What’s the Difference Between SSDI and SSI?

While both the SSI and SSDI programs offer benefits for qualified disabled individuals, the requirements and income limitations for each are quite different. Not only are the limitations and prerequisites different, but applying for the wrong one or missing the qualifications can result in significant amounts of frustration and wasted time.

Social Security Disability Insurance & Supplemental Security Income

One of the primary differences between Social Security Disability Insurance, or SSDI, and Supplemental Security Income, known as SSI, is that Social Security Disability Insurance is only available to workers that have not only become disabled after working but who have also built up enough work credits to qualify. Supplemental Security Income is available as a disability benefit to those who have either never worked, or who are low to no income individuals who have not and will not earn enough credits for Social Security Disability Insurance.

Often people do not distinguish between SSDI and SSI when talking about Social Security disability benefits, but they do need differentiation since they are two entirely different government programs. They are both administered and managed by the Social Security Administration, and they both use the same guidelines in determining eligibility on a medical level, but there are some important differences to note.

Social Security Disability Insurance, SSDI

Social Security Disability Insurance is the Social Security insurance that is deducted from your paycheck via federal payroll taxes. Social Security Disability Insurance can offer benefits to eligible recipients because they have worked and contributed to the program in a meaningful way. The contributions are made via the FICA taxes. An SSDI recipient must be younger than 65 and have contributed a predetermined number of “work credits” to the program before they can be considered “insured”.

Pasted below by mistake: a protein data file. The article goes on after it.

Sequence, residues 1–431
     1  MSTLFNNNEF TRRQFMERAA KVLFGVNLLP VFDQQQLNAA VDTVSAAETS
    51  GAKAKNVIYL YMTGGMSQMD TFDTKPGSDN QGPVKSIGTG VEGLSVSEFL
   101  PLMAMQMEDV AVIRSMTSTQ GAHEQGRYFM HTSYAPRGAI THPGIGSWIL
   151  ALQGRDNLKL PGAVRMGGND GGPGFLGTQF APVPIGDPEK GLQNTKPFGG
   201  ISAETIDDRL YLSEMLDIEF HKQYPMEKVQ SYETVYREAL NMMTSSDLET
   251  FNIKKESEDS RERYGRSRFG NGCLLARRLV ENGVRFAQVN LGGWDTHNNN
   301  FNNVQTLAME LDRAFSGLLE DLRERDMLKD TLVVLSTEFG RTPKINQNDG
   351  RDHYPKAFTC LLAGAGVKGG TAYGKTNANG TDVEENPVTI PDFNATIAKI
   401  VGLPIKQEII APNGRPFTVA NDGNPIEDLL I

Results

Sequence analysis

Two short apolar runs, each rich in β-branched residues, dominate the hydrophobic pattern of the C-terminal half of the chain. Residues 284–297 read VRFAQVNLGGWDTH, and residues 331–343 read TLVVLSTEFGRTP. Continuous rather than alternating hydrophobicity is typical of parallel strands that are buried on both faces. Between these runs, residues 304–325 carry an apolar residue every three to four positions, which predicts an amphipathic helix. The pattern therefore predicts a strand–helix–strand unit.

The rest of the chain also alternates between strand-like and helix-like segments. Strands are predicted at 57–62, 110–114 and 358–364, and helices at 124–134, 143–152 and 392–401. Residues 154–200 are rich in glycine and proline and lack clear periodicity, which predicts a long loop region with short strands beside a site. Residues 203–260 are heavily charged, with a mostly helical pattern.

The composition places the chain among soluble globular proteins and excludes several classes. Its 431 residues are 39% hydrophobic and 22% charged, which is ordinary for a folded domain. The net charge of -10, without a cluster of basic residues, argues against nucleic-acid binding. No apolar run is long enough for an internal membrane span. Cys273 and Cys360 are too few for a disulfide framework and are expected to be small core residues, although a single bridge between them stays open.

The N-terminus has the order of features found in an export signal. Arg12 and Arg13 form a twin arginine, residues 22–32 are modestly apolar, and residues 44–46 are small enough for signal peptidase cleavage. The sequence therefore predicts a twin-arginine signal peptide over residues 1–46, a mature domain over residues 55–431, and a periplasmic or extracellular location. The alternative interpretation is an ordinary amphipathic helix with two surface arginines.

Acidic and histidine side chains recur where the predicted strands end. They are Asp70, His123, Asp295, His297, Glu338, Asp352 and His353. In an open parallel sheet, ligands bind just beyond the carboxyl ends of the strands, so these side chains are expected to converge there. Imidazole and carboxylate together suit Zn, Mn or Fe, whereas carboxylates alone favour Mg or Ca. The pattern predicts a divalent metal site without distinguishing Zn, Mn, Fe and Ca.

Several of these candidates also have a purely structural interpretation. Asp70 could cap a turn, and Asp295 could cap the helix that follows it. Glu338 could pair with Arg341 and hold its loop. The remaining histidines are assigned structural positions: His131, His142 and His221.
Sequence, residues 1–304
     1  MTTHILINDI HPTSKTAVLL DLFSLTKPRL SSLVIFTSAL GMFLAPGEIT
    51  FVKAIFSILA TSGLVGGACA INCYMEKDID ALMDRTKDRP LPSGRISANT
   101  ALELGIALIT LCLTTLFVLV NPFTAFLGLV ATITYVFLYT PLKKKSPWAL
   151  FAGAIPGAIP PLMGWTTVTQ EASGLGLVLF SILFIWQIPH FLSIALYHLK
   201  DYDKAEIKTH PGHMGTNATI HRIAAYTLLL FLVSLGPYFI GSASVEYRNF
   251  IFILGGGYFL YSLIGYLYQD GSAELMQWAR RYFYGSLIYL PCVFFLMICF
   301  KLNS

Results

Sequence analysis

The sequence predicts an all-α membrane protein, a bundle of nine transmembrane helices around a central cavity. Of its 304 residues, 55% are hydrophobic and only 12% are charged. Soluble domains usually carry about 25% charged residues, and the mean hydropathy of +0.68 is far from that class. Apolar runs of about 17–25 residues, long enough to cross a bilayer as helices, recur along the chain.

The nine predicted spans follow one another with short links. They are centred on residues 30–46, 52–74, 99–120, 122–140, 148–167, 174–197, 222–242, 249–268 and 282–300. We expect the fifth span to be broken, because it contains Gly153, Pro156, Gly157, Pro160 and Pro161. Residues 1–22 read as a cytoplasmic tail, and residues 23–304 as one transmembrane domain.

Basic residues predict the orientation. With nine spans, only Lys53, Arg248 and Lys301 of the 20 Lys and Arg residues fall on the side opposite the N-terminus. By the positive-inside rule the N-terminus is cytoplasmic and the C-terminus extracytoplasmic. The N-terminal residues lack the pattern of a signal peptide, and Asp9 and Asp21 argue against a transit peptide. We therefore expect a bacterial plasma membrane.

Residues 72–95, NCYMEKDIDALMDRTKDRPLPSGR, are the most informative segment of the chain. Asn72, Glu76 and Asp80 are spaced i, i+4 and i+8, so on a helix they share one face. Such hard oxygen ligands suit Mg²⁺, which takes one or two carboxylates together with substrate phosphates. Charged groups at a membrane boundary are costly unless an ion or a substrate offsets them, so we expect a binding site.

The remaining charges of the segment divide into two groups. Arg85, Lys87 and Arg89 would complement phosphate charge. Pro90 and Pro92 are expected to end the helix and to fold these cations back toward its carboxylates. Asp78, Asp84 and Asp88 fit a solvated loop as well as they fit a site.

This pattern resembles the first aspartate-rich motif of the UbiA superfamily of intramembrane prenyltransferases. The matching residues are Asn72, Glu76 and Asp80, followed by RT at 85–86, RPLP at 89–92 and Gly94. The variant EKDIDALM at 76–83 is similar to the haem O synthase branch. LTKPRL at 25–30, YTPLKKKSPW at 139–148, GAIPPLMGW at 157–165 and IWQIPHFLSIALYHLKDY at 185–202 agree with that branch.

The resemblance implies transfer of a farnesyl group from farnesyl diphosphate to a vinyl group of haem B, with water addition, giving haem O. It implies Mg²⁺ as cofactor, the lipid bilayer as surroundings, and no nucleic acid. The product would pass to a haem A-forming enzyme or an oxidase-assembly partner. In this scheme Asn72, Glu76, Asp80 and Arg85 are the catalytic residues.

The spouse and minor dependents of the disabled person can receive partial benefits based on the disabled person’s earnings record, just as the benefits for the disabled are calculated. However, there is a five-month waiting period from the date of disability until the benefits kick in. After two years on SSDI, the recipient can also qualify for medicare. Approval rates for SSDI claims tend to be higher than for SSI claims, on average.

Supplemental Security Income, SSI

Supplemental Security Income is a need-based program that is funded by a general tax fund, and not from the  Social Security trust. SSI is referred to as a means-tested program so that it is not based on work history, but strict financial need. SSI applicants will need to demonstrate that they possess less than $2,000 in assets for an individual, or $3,000 for a couple, and show that they have a limited income. In general, if the applicant qualifies for SSI, they will also qualify for food stamps. Depending on the location and the state benefits, they may also qualify for state-aid like cash assistance. Qualified applicants will receive an amount dependent on their location and their regular income paid on the first of the month.

Free Consultation

Featured Articles

Why Should I Speak to a Disability Lawyer if I Haven’t Applied?

Why Should I Speak to a Disability Lawyer if I Haven’t Applied?

The process of applying for Social Security Disability benefits can be confusing if you’re not sure how to properly fill out the paperwork. You need the right medical documentation as well, and because of this, more than 65% of claims filed are rejected initially. Speaking with a lawyer beforehand could be the difference between your application being approved and denied.

Medical Conditions and Disability Claims: Do You Qualify?

Medical Conditions and Disability Claims: Do You Qualify?

The Social Security Administration’s Listing of Medical Impairments is a guide containing medical conditions that, given certain conditions are met, automatically qualify you for Supplemental Security Income (SSI) or Social Security Disability Insurance (SSDI).

Am I Eligible?

Free No Obligation Evaluation

Share This